When what existed prior to ego awakens within an individual, he or she often experiences a tremendous shift in inner perception. Something long dormant begins to yearn to know and be known. Thus begins the spiritual search. Sometimes one is fully conscious of the process; at other times it takes place entirely beneath the surface. In the latter case, people often say, “In retrospect, I realize I was always searching for God/Truth but didn’t have the language to describe it.”
When all elements are in their rightful place, in accordance with mysterious timing in the Universe, the meeting with the teacher occurs. It is as if the longing of the soul finally prevails over the heaviness of the ego—even if only for a short while. The teacher comes on the scene to respond to the call that has been held in the soul’s throat until now.
However, because the teacher is simultaneously the benefactor and nemesis of the ego, the relationship with the teacher will always include elements of push-pull, love-hate. For the teacher does not love the student’s exterior or personality, but the soul itself, which has been crying to be set free since its birth or even earlier. It knows that only a true teacher, and what he or she represents, can free it. Though the would-be student has been starving for the appearance of the teacher, that very presence represents the greatest egoic threat he or she has ever faced. This is the student’s great bind.
The teacher’s job description is to conquer egoic identification while knowing very well that at the crucial junctures of its defeat, the student will view him or her with scrutiny, doubt, criticism, and mistrust. From the student’s ego’s perspective, the teacher is trying to kill the student. Yet when a crack appears in the protective walls of ego and, through the vehicle of the teacher, something of God or Truth seeps in, the student experiences an unparalleled quality of love. Thus the drama of life with the teacher is one of alternating longing and resistance, love and war, emptiness and fulfillment. It is the only way it can be, a perspective important to maintain during more difficult periods.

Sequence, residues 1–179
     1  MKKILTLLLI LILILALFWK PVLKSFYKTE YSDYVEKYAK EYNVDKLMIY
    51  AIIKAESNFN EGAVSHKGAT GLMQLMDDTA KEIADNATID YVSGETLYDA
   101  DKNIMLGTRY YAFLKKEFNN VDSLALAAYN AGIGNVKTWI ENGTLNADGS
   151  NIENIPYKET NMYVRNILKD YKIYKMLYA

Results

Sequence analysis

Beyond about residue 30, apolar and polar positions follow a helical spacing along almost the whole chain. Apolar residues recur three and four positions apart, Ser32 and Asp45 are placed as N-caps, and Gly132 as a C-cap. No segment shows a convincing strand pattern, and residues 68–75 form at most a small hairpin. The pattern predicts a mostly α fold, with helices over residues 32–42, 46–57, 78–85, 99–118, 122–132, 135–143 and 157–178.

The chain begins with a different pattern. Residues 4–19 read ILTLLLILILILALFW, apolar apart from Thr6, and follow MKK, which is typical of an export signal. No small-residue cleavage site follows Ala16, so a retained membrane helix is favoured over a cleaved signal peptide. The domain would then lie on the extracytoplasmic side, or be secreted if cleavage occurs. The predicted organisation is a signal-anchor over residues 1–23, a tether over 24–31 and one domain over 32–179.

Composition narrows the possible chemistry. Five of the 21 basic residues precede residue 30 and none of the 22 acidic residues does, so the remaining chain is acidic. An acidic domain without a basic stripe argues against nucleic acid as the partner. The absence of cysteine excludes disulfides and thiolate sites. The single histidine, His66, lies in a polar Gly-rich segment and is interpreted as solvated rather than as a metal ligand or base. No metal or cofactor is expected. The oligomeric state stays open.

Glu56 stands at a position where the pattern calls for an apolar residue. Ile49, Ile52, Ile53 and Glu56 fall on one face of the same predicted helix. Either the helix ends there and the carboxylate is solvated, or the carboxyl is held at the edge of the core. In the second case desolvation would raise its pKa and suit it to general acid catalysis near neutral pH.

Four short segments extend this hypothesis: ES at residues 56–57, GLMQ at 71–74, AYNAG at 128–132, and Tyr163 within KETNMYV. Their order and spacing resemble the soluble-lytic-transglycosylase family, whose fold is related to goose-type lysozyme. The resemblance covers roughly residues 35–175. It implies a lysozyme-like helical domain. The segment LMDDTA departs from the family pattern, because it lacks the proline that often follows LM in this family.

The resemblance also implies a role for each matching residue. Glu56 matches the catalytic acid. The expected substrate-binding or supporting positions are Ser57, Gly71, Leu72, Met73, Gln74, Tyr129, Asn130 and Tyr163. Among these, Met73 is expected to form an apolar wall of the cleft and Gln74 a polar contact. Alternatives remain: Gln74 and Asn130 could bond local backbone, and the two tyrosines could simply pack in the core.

The spiritual teacher is not necessary if one does not aspire to fulfill one’s highest human potential in God or Truth. But if this is your goal, I must recommend conscious discipleship in relationship with a deep and sincere openness to spiritual guidance. In the words of the late Robert Ennis, from a personal interview:
The chances of someone awakening without a teacher are like the chances of getting pregnant without a partner. The spiritual teacher is the partner that is necessary for spiritual birth. Not too many immaculate conceptions happen.
Having attempted many years of spiritual life without a teacher and spent many more as a spiritual vagabond, and having received the benefits of working with an authentic teacher, I cannot imagine why one would dare to cross the shark-infested waters of the ego without a boatman. Still, if you have not experienced an authentic teacher—or have had encounters with teachers who could not keep the boat afloat or tossed you overboard to fend for yourself—it is wholly understandable that you would be skeptical about finding a trustworthy teacher. But I remain convinced that true disciples in search of an authentic teacher will eventually find their way to the one they seek.
Excerpted from The Guru Question: The Perils and Rewards of Choosing a Spiritual Teacher by Mariana Caplan. Reprinted with permission from Sounds True. ©2011, Mariana Caplan.
1. Roger Walsh, “The Search for Synthesis: Transpersonal Psychology and the Meeting of East and West, Psychology and Religion, Personal and Transpersonal,” Journal of Humanistic Psychology 32, no. 1 (Winter 1992): 31.
2. Ken Wilber, One Taste (Boston: Shambhala, 1999), p. 43.
3. Ibid., p. 238.